Besides the mod. sense of 'beseech,' intreat (spelled also 'entreat') means 'deal with,' 'handle,' mod. 'treat,' always with an adverb 'well,' 'ill,' 'shamefully,' etc. Coverdale translates Isa 40:11 'He shal gather the lambes together with his arme, and carie them in his bosome, and shal kindly intreate those that beare yonge.'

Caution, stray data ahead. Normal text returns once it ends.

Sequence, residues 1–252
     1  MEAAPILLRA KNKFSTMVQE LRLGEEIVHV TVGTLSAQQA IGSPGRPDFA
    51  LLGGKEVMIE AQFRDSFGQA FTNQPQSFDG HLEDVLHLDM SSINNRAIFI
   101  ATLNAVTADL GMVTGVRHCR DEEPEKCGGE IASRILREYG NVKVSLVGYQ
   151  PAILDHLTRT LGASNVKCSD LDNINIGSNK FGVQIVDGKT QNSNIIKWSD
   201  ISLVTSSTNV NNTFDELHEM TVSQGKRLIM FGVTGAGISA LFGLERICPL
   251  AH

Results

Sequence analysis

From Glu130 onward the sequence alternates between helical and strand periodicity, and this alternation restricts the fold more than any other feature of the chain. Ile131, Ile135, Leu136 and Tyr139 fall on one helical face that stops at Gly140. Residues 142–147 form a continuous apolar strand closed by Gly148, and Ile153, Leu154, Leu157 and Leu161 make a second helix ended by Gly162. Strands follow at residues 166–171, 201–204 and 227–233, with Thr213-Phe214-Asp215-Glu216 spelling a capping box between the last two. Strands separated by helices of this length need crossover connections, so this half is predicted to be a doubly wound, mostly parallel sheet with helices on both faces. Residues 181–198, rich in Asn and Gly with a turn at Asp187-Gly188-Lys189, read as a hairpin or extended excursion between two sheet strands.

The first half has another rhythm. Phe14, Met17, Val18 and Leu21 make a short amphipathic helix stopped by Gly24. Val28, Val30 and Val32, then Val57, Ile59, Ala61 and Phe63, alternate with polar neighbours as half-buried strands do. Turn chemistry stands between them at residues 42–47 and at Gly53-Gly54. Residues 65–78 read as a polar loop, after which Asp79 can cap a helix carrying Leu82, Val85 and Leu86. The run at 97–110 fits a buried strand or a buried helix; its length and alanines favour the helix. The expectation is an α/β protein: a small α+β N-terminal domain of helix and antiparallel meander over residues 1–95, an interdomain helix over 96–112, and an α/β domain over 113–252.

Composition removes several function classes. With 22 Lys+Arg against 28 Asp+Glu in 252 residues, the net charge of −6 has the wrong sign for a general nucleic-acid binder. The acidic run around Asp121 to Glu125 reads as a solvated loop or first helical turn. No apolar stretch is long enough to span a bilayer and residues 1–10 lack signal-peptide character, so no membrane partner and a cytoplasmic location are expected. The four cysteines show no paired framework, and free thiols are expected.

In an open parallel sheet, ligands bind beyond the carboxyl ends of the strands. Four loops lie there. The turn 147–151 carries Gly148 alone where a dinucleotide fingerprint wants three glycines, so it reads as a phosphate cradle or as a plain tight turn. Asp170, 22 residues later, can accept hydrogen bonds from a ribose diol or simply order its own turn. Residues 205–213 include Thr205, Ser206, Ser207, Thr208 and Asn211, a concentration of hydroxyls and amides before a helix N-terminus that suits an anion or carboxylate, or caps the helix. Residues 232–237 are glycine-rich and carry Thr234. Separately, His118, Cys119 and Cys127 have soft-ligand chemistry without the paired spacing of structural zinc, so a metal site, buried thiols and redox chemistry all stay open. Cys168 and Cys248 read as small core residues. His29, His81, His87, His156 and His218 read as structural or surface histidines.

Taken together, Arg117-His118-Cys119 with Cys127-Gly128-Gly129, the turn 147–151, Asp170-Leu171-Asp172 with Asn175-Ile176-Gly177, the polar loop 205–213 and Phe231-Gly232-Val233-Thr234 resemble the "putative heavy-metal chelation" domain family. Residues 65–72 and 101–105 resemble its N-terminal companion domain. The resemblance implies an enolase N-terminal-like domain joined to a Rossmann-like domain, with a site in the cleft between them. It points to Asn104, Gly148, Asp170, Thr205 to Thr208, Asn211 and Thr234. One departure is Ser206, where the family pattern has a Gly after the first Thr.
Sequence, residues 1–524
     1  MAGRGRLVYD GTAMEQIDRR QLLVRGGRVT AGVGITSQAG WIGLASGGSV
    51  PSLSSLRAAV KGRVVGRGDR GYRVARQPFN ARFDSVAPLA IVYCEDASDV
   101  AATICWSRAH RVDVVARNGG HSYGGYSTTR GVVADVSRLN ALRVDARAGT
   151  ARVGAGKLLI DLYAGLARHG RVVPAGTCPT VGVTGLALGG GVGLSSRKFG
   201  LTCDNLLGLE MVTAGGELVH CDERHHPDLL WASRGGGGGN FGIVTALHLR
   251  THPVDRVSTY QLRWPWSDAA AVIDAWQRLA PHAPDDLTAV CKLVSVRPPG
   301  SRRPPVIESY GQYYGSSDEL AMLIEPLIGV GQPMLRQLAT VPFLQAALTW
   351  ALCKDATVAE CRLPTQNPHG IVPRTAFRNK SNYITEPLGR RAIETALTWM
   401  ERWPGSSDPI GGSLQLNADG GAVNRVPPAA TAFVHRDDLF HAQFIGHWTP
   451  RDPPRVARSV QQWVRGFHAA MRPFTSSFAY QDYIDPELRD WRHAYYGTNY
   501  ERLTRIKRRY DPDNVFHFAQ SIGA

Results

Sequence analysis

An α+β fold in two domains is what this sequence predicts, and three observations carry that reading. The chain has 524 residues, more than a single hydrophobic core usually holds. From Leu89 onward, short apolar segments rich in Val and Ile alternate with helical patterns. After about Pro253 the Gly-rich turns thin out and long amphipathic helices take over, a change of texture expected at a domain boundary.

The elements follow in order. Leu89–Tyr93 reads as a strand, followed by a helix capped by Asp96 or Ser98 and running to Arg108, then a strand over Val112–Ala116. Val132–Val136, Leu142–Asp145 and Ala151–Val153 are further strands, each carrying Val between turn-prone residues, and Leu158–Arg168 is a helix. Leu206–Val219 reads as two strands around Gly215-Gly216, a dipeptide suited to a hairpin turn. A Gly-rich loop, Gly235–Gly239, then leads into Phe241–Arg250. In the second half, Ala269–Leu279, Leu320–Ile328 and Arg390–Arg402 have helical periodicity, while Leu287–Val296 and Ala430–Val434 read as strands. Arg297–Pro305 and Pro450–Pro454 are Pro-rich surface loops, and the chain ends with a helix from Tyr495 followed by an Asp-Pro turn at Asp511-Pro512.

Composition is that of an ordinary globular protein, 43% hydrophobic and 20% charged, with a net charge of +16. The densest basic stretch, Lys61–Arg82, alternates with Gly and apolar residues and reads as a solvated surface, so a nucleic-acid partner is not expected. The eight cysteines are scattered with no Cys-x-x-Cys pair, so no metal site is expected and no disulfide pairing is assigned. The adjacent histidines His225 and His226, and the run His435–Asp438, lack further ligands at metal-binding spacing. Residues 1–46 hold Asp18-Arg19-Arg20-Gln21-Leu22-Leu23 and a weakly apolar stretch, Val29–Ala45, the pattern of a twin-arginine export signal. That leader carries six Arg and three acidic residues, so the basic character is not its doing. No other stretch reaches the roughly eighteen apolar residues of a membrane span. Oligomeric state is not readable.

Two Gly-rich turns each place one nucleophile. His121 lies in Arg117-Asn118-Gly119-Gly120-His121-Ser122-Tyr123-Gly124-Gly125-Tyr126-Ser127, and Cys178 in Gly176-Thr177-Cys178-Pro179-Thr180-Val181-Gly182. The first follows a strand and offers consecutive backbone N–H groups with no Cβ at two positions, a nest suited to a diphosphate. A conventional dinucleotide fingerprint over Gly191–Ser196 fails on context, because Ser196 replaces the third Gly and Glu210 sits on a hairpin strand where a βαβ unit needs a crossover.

It is even more important to notice that when the meaning seems to be as now, viz. 'beseech,' the word is often in reality much stronger, 'prevail on by entreaty.' Thus Ge 25:21 'And Isaac intreated the Lord for his wife,